WHEN dad Graham Smith set himself the challenge of running 10k every day for 256 days he he hated the sport but now nearly 100 days into his endeavour he knows he will find it hard to stop.

Web designer Mr Smith, 56, from Patney, near Devizes will complete his 100th day of running at least 10k on November 17 but he has now signed up for the London Marathon next April and has already completed an ultra marathon.

He is raising money for the Stroke Association after both of his parents suffered from strokes and later died. He spent three years looking after his mum and when she died in May he wanted a new purpose to his life and decided that raising charity cash could be the answer.

He said: "In the past few years my life has been turned upside down by stroke. My father had two strokes and sadly passed away in 2014. He was the full-time carer to my mum, who had dementia. I cared for my mum for three years, and then in May this year she had a stroke and sadly passed away in September.

“I found caring full-time for someone with dementia extremely demanding and detrimental to my own health. I have always been reasonably fit, but after my mum passed away I wanted to do something to keep me focused and healthy. I’ve never been a runner or enjoyed running before, but I really wanted something to challenge me.

“My original plan was to run a minimum of 10k every day for 100 days. The Stroke Association then gave me a place on their team for the 2018 Virgin London Marathon, so I’m going to keep going until at least next April, which takes the number of days to 256.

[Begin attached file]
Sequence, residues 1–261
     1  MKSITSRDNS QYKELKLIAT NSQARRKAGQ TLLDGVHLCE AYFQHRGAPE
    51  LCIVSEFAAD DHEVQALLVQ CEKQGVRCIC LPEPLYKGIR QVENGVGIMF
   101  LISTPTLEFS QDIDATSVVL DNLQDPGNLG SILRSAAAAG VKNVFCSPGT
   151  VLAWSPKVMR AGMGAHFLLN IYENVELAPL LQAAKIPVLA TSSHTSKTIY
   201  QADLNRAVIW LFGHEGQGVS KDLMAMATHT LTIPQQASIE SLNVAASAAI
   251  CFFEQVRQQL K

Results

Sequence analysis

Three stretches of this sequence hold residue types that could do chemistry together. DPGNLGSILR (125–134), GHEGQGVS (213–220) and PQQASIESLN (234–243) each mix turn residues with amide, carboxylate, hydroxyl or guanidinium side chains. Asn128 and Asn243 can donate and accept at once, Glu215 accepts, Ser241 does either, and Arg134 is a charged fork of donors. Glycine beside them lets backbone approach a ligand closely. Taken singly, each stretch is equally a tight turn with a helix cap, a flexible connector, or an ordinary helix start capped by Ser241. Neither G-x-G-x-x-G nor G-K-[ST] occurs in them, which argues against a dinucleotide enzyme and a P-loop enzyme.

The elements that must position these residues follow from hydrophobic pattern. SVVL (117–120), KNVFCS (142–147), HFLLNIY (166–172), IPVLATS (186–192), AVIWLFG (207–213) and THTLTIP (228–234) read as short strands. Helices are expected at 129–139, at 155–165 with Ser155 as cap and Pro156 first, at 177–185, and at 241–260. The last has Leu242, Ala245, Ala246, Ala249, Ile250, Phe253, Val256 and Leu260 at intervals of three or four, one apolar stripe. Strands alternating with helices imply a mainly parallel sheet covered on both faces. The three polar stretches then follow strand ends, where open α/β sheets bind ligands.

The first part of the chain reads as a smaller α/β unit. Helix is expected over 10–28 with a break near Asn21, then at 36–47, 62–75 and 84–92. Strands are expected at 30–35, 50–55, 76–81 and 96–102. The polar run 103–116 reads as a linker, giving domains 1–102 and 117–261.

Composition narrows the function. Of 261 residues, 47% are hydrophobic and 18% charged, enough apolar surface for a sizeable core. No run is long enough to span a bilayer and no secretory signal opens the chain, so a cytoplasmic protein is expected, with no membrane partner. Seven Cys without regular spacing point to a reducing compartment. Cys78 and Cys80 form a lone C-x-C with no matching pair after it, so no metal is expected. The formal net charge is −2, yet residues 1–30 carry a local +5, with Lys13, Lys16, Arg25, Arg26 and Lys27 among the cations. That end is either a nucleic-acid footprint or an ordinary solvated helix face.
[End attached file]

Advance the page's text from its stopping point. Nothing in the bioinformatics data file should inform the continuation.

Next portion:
“I’ve set myself a challenging fundraising goal of £10,000. Believe it or not I’m actually enjoying each run, and I’m even considering extending this! I’m really passionate about supporting the Stroke Association, I know just how devastating the condition is and I’m determined to do my bit to help make a difference. Early mornings, achy legs and sore feet are nothing compared to what families like mine have been through. I’m doing this challenge to support others who need help after their stroke.”

His two daughters Hannah, 20, and Abbey, 19, are supporting his running and Hannah has agreed to join him in an ultra marathon next August when they will run 100 k to raise money for Alzheimers Society.

He is hoping to complete the London Marathon in under four hours and if possible below 3hrs 40mins which would put him a draw for a place in the Boston Marathon.

He said: "I run at 6.30am every morning and follow the same route. It usually takes me about 55mins."

To sponsor him visit: www.justgiving.com/fundraising/100daysof10ks